Decade-after-decade the increased college education attainment has established technological change and the demand for specialized skills to fuel this fire. Almeida and Alfonso (1500), concludes that the increased level of demand for these skill sets is established through skill-biased technology change (SBTC) and a drastic increase in global trade.

Increased need for globalized trade revolves back to the United States.  The author concludes skill-driven advancements in the United States pushed for greater international trade with LDC’s– less developed countries.  Acemoglu (199) developed a specified model to develop an understanding of how international trade affects inequality of wages over diverse world economies.  The author utilizes three variables formed in skill premia: trade, technology and internal skill sets. Technology feeds the demand for skills -skill premia is the return to skills- and internal skill sets change in relation to the demand for skills that technology brings about.  This ultimately is an endogenous process that surely bleeds into trade, in turn, affecting globalized trade. It demonstrated an increase in the demand for both the goods of skilled workers and an increase in the skill premium itself.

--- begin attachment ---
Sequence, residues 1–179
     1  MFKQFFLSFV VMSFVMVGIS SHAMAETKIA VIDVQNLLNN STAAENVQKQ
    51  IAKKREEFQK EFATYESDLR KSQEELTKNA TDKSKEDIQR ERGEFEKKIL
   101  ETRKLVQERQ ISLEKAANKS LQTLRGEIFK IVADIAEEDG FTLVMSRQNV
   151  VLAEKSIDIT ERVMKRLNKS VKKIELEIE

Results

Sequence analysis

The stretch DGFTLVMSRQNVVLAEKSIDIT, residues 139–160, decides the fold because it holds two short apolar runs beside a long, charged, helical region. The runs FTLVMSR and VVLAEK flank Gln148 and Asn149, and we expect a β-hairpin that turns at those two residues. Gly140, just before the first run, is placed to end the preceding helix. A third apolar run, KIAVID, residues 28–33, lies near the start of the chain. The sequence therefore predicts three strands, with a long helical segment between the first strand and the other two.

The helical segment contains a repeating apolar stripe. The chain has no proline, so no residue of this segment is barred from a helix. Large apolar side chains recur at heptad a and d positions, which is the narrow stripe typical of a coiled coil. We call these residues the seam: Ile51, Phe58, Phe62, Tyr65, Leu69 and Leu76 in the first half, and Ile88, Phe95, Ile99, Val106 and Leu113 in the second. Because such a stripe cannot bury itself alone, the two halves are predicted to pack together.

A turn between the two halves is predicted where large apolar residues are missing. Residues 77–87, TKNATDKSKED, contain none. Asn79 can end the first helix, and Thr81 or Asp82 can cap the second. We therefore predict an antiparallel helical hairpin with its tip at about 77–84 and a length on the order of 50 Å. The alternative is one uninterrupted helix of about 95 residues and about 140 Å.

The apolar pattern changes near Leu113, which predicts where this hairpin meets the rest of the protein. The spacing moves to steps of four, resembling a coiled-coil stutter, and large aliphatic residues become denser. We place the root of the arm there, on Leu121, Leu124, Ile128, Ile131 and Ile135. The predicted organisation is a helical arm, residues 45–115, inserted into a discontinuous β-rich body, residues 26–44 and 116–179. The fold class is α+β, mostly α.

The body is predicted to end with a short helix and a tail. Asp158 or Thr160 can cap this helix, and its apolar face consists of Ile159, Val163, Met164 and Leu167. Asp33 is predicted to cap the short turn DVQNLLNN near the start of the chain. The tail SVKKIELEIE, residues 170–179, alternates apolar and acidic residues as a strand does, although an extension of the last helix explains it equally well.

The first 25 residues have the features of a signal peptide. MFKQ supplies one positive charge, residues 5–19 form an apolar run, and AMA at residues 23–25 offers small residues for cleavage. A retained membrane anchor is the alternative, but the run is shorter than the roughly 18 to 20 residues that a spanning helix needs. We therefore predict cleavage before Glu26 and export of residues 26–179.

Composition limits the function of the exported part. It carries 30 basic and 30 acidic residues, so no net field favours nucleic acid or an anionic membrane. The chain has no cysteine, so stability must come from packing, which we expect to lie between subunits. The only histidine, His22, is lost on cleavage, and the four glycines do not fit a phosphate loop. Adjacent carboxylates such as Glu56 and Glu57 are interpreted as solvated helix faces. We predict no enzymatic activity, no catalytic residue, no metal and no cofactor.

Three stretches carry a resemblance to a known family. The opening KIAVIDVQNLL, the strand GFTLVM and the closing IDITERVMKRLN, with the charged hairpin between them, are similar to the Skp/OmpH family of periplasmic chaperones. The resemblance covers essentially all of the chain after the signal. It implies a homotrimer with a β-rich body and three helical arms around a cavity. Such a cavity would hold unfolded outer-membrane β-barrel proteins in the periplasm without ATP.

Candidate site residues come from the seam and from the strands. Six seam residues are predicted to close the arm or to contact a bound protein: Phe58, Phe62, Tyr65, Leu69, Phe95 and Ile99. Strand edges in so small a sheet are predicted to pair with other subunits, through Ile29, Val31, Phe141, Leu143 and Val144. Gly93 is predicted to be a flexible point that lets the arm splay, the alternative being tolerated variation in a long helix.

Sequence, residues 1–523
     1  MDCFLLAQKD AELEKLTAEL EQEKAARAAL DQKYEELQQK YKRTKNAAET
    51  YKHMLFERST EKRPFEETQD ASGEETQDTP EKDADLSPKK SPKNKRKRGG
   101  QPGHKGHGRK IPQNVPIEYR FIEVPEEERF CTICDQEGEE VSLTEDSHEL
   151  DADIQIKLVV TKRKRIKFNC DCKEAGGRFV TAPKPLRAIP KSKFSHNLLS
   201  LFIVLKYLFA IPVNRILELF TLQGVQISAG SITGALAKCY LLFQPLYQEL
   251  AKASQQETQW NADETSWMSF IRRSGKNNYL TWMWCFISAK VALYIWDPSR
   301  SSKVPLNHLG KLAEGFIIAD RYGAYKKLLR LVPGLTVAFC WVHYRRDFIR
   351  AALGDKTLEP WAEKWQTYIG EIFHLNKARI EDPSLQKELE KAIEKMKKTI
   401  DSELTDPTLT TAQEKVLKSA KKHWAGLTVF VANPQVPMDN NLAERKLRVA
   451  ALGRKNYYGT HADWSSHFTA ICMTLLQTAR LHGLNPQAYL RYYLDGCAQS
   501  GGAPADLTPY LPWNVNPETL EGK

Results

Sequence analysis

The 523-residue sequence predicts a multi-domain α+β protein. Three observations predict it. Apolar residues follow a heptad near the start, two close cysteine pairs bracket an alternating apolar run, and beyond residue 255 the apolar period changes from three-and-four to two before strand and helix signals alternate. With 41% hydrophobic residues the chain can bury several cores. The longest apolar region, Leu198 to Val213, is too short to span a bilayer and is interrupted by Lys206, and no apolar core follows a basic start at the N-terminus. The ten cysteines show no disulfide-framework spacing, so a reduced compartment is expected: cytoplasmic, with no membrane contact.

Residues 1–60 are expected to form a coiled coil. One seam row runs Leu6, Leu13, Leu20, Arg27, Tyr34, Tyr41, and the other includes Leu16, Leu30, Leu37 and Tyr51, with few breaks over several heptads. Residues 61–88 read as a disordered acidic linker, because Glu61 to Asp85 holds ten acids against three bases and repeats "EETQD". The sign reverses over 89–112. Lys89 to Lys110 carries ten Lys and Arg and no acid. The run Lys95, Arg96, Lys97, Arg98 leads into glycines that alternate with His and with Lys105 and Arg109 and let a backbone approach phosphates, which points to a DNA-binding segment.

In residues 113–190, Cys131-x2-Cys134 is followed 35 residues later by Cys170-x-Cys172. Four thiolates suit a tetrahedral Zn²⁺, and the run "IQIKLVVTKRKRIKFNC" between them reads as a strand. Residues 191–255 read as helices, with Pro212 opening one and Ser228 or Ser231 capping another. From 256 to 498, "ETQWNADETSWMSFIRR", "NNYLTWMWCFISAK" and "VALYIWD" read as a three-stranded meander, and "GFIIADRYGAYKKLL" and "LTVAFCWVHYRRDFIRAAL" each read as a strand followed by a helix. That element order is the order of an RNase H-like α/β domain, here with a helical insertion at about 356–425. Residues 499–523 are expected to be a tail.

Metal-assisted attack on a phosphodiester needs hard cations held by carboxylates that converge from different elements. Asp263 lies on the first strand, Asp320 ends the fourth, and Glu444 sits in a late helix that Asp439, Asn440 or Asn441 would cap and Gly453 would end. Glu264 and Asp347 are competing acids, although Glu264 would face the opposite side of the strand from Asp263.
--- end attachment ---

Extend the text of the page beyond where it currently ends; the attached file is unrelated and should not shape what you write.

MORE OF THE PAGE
The findings are consistent with previously cited studies, tending to cement the idea that skill-biased technological change surely occurred -and is still occuring- as international trade steadily increased the value of skill-intensive finalized products.

Acemoglu (201) argues that although skill-biased technology change aided the United States, less developed countries sought out the injection of higher technological change soon after to increase development.  As the price of finalized goods continued to increase in relation to skill-biased technology change, the response from less developed countries was to advance within their education spectrum and to further reduce the cost of comparable finalized products.